If you're batch sparging with water that's 180*+, it'll raise the temp of the grain bed, so I doubt your run-off is actually over 170*F.
This is what I was thinking, which led me to think he's over sparging.  But he did say that he took temperature readings of 175F+.
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Offline redzim

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Re: atringency
« Reply #6 on: January 02, 2013, 09:25:34 AM »
Red - I acidify may sparge water to 5.5 or so.

Same here and I think this could be your problem.  The combination of high temperature and relatively high alkalinity is what causes tannin extraction.  If your sparge water is below 5.7 or so the temperature is less important.

I had the exact same astringency issue awhile back and it went away once I started acidifying my sparge water.  I routinely sparge at temperatures greater than 170F.

So how do I acidify sparge water? I've never done that... any tips on formulas & chemicals would be appreciated... my tap water is around 7.5-7.8 pH, but on some brews I use 50% or more (up to 100%) distilled water with some minerals added in....  I guess the pH of that water will still be at least 7 or more though, as distilled water has pH of 7, right?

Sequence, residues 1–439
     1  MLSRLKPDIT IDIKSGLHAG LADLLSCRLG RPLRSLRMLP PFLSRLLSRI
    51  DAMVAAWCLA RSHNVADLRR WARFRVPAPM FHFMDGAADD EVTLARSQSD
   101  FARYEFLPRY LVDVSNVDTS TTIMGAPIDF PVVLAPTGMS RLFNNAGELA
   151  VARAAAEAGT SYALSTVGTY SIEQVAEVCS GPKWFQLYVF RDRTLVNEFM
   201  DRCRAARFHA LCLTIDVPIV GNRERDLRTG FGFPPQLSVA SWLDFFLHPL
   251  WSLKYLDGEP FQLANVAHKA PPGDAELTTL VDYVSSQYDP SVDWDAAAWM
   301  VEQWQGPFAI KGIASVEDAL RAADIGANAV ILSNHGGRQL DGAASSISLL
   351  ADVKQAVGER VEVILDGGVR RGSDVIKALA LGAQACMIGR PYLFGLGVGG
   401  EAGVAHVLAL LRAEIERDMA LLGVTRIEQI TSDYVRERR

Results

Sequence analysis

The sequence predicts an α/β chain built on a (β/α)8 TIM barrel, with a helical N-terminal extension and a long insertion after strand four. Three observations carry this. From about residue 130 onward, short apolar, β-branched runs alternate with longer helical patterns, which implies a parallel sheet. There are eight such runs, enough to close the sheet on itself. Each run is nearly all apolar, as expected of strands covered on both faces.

Offline redzim

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Re: atringency
« Reply #7 on: January 02, 2013, 09:31:46 AM »


If you're batch sparging with water that's 180*+, it'll raise the temp of the grain bed, so I doubt your run-off is actually over 170*F.
This is what I was thinking, which led me to think he's over sparging.  But he did say that he took temperature readings of 175F+.

Ok so how do I stop "oversparging"....  try to balance my first run-off and 2nd run-off?

For instance on the Altbier I'm drinking right now, which got me thinking about this, I ran off 6.0 gal, then sparged to collect another 11.5gal to reach 17.5 gal, which I needed because I wanted to do a 75 minute boil....  I guess that is pretty unbalanced, and I could mash a lot thinner to get that balanced out (I doughed-in at 1.5 qts/lbs, then did an step infusion to get my sach rest, this left the mash at 2.15 qts/lbs, then I did a decoction mashout). 

My 2012 Oktoberfest was more balanced in the run-offs; I collected 7 gal first, then sparged 9 gal more to get 16 gal total which is all I needed for a 60min boil.  Still had a mildly unpleasant astrigency about it....